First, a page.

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Alexandrians Reminisce Over Their Long-Lost Corniche

July 11, 2024

“Catastrophic,” is how Mohamed Dessouki, a campaigner, heritage enthusiast, and Assistant Professor of Architecture at the Arab Academy for Science and Technology (AAST) chose to describe the changes to Alexandria’s corniche in recent years.

‘The Pearl of the Mediterranean’ and ‘The Mermaid of the Mediterranean’ are only some of the names given to the city of Alexandria. Yet, today, this is not how Alexandrians picture the once-beautiful city.

As the second largest city in Egypt, Alexandria is home to Egypt’s main seaport and was once a popular summer holiday destination. The corniche, one of its most distinctive features, if not the most distinctive, is the main waterfront road that runs along Alexandra’s coastline.

The Corniche: Between Past and Present

Several articles claim that the Alexandria corniche was built over ten years. However, the corniche we know today was completed in 1934. The 20-kilometer-long seacoast promenade extends from El Montazah Palace in the east to Ras El Teen Palace in the west.

According to Ahram, between 1986 and 1997, the Governorate of Alexandria was headed by Ismail El-Gawsaqi. During his time as governor, he decided that the seaview should be available to everyone and that there would be no buildings or fences obstructing public view. Following this decision, he demolished most beach cabins that were built in previous years.

As it overlooks the Mediterranean Sea, the corniche was always one of the top tourist and local attractions in the city. Due to traffic congestion, overpopulation, and urban development, the corniche witnessed repetitive changes causing it to change from its initial form which Alexandrians were used to.

Today, restaurants and cafes stand as a barrier between Alexandrians and their once open sea view.

A Loss of Identity and Cultural Heritage

The sea is a central element of the identity of most Alexandrians. Whether for work, like fishermen, or for enjoying the view, the sea is an integral part of their daily lives.

In a short visit to Alexandria, Egyptian Streets spoke to taxi drivers, passersby, and fishermen about the corniche between the past and the present. Disappointment and frustration was the overarching theme of most conversations. However, all these conversations were off-record, as many feared the consequences of voicing their opinions publicly.

“For Alexandrians, as well as anyone visiting Alexandria, the corniche is the most important part of the city,” Dessouki tells Egyptian Streets. “In all the social media groups related to Alexandria, you can always sense a feeling of collective sadness and anger at the situation, it isn’t just my personal opinion.”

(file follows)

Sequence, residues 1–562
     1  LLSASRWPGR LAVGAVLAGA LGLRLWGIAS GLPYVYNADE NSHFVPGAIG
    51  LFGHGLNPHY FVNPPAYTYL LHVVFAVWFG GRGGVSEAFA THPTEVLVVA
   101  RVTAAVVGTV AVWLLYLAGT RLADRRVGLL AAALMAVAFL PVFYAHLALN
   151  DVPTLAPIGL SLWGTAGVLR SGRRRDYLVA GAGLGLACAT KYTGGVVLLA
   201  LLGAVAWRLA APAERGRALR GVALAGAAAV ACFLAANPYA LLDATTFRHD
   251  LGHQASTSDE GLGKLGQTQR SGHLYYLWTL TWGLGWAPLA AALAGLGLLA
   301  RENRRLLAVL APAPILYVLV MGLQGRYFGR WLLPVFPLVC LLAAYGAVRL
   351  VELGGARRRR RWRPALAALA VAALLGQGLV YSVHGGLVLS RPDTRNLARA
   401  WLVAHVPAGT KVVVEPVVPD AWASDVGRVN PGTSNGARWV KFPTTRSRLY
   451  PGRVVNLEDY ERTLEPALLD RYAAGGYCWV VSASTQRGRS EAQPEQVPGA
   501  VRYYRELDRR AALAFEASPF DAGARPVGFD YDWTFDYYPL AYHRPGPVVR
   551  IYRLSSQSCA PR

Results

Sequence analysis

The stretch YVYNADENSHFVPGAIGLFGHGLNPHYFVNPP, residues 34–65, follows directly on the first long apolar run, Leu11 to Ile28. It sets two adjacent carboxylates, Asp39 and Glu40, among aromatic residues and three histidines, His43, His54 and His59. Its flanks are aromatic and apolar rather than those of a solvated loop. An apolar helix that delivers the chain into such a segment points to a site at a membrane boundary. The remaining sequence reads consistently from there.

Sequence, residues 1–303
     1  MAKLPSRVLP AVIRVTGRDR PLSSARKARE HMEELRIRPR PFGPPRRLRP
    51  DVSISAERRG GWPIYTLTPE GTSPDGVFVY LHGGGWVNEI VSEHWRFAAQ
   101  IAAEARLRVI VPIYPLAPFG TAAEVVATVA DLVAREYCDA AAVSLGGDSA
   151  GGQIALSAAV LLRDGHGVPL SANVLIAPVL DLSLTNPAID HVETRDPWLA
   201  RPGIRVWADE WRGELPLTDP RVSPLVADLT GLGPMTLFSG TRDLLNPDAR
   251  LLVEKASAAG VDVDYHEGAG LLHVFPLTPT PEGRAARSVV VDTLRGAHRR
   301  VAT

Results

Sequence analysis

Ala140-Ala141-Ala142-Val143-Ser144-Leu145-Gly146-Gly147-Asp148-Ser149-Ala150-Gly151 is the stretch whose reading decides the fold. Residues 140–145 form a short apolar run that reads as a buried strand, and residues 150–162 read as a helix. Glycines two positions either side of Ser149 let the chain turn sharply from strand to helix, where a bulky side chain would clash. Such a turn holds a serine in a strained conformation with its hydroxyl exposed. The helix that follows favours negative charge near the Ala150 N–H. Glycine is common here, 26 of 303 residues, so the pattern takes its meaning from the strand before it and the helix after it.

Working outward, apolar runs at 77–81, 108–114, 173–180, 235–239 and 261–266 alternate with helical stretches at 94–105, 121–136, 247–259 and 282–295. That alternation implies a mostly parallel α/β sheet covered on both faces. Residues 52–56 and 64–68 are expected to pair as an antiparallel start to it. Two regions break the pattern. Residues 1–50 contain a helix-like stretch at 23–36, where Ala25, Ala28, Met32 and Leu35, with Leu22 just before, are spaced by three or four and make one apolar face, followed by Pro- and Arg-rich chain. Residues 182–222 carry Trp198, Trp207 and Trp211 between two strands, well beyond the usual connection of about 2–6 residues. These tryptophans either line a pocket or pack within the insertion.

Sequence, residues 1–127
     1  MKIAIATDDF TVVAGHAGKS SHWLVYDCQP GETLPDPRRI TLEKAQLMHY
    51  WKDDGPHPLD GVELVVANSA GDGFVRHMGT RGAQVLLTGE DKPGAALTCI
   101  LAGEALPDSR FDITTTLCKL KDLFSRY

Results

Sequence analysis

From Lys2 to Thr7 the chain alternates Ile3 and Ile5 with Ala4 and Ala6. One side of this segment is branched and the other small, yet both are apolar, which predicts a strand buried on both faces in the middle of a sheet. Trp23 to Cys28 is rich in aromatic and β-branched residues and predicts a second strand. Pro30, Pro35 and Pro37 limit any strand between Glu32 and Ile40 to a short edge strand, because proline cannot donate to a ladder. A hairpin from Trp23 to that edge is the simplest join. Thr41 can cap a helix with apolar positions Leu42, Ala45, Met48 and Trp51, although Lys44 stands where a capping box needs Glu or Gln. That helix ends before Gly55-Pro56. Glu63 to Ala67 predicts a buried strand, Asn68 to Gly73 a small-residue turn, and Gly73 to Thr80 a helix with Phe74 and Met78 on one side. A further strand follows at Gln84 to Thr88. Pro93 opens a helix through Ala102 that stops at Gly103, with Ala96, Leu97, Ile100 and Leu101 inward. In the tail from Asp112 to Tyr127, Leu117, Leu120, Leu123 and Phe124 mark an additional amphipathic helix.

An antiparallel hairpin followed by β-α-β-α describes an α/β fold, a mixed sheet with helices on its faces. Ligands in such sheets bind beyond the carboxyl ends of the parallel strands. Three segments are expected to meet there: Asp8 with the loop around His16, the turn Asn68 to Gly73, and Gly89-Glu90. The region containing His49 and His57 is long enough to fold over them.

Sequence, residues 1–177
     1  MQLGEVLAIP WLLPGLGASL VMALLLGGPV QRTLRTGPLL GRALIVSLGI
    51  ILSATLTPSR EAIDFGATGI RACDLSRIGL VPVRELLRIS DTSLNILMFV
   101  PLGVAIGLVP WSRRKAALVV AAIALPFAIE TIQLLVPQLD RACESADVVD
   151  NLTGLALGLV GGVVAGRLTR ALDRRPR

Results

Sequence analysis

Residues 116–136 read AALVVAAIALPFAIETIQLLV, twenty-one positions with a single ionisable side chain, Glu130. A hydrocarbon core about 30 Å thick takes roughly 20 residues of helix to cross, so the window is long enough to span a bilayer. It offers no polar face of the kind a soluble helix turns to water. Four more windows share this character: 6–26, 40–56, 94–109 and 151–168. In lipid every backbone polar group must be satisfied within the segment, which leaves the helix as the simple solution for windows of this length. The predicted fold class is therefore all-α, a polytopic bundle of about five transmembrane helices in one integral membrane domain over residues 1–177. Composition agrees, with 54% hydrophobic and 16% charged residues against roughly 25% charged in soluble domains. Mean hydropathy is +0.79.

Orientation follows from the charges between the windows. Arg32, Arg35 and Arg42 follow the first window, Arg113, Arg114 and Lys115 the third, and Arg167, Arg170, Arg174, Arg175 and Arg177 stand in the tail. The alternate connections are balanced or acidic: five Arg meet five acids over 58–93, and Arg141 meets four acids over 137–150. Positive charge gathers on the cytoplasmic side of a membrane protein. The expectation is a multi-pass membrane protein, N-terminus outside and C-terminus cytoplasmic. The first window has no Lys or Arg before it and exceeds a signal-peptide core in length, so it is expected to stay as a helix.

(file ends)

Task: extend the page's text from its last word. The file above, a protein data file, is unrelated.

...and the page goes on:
With a passion for the architecture and history of Alexandria, Dessouki worked with the National Organization for Urban Harmony (NOUH), aimed at beautifying the exterior image of buildings and monuments, as well as The Alexandria Preservation Trust (APT), dedicated to the protection of Alexandria’s cultural heritage.

Dessouki was also one of the cofounders of ‘Save Alex’, an initiative created by a group of volunteers advocating for the preservation of Alexandrian heritage and the demolition of historical buildings. Today, the initiative is inactive, mostly because, according to Dessouki, any kind of activism is not welcomed in the country nowadays.

Frustrated about the changes that took place to the city he belongs to, Dessouki describes these changes as “violations”.

“I call them violations because none of this is legal,” Dessouki argues. “This is a public space, owned by the public, who all deserve to have this open space whether to enjoy it as a beach or to at least see it from afar. This is a form of privatization of the public domain. Today, there are very few places, more like small gaps, where people can still sit by the corniche. The rest have been rented or sold.”

According to article 45 of the Egyptian constitution, “The state commits to protecting its seas, beaches, lakes, waterways, groundwater, and natural reserves. It is prohibited to encroach upon, pollute, or use them in a manner that contradicts their nature. Every citizen has the right to enjoy them as regulated by law. ”

“Legally, the people of the city own the right to enjoy these public spaces without being forced to sit at a restaurant or cafe and pay money,” Dessouki continues. “It is no one’s right to privatize any part of a public place. There are now barriers and commercial activities almost extending across the entire corniche, it’s tragic!”

In the past few years, there have been many voices echoing Dessouki’s sentiments. Between construction of unnecessary tunnels, numerous cafes and restaurants, and garage spaces, Alexandrians felt like their right as citizens to their beloved seafront city was being taken away bit by bit.

“People need a breath of fresh air. Even in the poorest countries, a public space is where people exercise their right — children play, musicians play music, and adults enjoy a relaxing view,” Dessouki says with a sigh.

However, there have been those who applaud the state’s efforts in expanding the city’s roads and developing the long-lived corniche.

Development or Destruction?